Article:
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A Peptidoglycan-Remodeling Enzyme Is Critical for Bacteroid Differentiation in Bradyrhizobium spp. During Legume Symbiosis.

Authors
  • Gully, Djamel1
  • Gargani, Daniel2
  • Bonaldi, Katia3
  • Grangeteau, Cédric4
  • Chaintreuil, Clémence1
  • Fardoux, Joël1
  • Nguyen, Phuong1
  • Marchetti, Roberta5
  • Nouwen, Nico1
  • Molinaro, Antonio5
  • Mergaert, Peter6
  • Giraud, Eric1
  • 1 1 IRD, Laboratoire des Symbioses Tropicales et Méditerranéennes, UMR IRD/SupAgro/INRA/UM2/CIRAD, Campus International de Baillarguet, TA A-82/J, 34398 Montpellier Cedex 5, France; , (France)
  • 2 2 CIRAD, UMR BGPI, F-34398 Montpellier, France; , (France)
  • 3 3 Center for Chronobiology, Division of Biological Sciences, 9500 Gilman Drive, University of California San Diego, La Jolla, CA 92093, U.S.A.;
  • 4 4 UMR Procédés Alimentaires et Microbiologiques, Equipe VAlMiS (Vin, Aliment, Microbiologie, Stress), AgroSup Dijon - Université de Bourgogne Franche-Comté, IUVV, Rue Claude Ladrey, BP 27877, 21000 Dijon, France; , (France)
  • 5 5 Dipartimento di Scienze Chimiche, Complesso Universitario Monte Sant'Angelo, Università di Napoli Federico II, Via Cintia 4, I-80126 Napoli, Italy; and. , (Italy)
  • 6 6 Institute for Integrative Biology of the Cell, UMR 9198, CNRS/Université Paris-Sud/CEA, Gif-sur-Yvette, France. , (France)
Type
Published Article
Journal
Molecular Plant-Microbe Interactions
Publisher
Scientific Societies
Publication Date
Jun 01, 2016
Volume
29
Issue
6
Pages
447–457
Identifiers
DOI: 10.1094/MPMI-03-16-0052-R
PMID: 26959836
Source
Medline
Language
English
License
Unknown

Abstract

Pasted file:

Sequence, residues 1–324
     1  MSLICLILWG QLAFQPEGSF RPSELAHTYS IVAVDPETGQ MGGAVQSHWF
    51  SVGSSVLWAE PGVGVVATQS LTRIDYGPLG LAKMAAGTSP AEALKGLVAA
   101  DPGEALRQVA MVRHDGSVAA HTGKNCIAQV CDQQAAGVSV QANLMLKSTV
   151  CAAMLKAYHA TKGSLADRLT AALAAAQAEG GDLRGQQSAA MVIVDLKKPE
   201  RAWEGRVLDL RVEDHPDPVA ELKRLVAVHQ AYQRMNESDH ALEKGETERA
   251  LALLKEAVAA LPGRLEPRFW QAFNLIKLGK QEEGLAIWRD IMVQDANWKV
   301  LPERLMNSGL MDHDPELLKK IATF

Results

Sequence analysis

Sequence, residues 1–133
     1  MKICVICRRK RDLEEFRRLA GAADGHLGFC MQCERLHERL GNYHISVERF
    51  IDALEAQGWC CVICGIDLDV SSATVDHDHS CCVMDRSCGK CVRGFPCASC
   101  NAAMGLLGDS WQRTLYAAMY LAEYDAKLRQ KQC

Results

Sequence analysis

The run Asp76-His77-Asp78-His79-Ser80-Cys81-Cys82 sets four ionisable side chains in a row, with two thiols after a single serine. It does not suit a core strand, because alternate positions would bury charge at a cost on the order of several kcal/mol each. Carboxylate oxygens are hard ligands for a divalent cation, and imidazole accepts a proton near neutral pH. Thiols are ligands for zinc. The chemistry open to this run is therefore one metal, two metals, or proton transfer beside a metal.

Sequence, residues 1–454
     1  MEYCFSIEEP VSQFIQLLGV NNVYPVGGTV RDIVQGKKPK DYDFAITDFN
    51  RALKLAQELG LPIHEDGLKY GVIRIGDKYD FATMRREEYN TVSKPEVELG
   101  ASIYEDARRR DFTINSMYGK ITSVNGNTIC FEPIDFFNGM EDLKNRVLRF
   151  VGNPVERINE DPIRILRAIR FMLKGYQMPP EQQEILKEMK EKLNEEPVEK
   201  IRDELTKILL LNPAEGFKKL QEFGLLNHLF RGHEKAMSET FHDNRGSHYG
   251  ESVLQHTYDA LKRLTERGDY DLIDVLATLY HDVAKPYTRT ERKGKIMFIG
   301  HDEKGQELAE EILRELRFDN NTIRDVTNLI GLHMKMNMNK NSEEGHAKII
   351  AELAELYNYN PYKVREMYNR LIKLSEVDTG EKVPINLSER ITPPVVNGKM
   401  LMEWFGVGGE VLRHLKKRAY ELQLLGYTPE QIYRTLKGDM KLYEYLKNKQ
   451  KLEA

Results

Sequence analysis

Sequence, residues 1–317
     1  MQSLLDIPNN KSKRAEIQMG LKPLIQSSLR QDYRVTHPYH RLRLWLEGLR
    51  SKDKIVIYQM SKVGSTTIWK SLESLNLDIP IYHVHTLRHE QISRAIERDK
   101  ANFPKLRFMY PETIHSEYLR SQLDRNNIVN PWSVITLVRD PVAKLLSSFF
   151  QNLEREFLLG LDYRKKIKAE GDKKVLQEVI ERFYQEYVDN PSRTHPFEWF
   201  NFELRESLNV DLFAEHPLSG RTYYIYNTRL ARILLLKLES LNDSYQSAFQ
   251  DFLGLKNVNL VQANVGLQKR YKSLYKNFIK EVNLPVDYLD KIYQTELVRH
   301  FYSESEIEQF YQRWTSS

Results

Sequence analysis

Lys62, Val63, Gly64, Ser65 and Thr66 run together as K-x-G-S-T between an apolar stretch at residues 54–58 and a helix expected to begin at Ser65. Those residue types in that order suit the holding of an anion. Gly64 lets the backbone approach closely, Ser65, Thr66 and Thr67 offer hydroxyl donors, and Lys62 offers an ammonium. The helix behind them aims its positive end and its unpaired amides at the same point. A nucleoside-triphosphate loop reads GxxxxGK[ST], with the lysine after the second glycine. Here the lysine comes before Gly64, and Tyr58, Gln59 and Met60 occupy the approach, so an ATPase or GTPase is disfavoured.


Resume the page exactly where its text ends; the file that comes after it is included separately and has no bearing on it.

In response to the presence of compatible rhizobium bacteria, legumes form symbiotic organs called nodules on their roots. These nodules house nitrogen-fixing bacteroids that are a differentiated form of the rhizobium bacteria. In some legumes, the bacteroid differentiation comprises a dramatic cell enlargement, polyploidization, and other morphological changes. Here, we demonstrate that a peptidoglycan-modifying enzyme in Bradyrhizobium strains, a DD-carboxypeptidase that contains a peptidoglycan-binding SPOR domain, is essential for normal bacteroid differentiation in Aeschynomene species. The corresponding mutants formed bacteroids that are malformed and hypertrophied. However, in soybean, a plant that does not induce morphological differentiation of its symbiont, the mutation does not affect the bacteroids. Remarkably, the mutation also leads to necrosis in a large fraction of the Aeschynomene nodules, indicating that a normally formed peptidoglycan layer is essential for avoiding the induction of plant immune responses by the invading bacteria. In addition to exopolysaccharides, capsular polysaccharides, and lipopolysaccharides, whose role during symbiosis is well defined, our work demonstrates an essential role in symbiosis for yet another rhizobial envelope component, the peptidoglycan layer.

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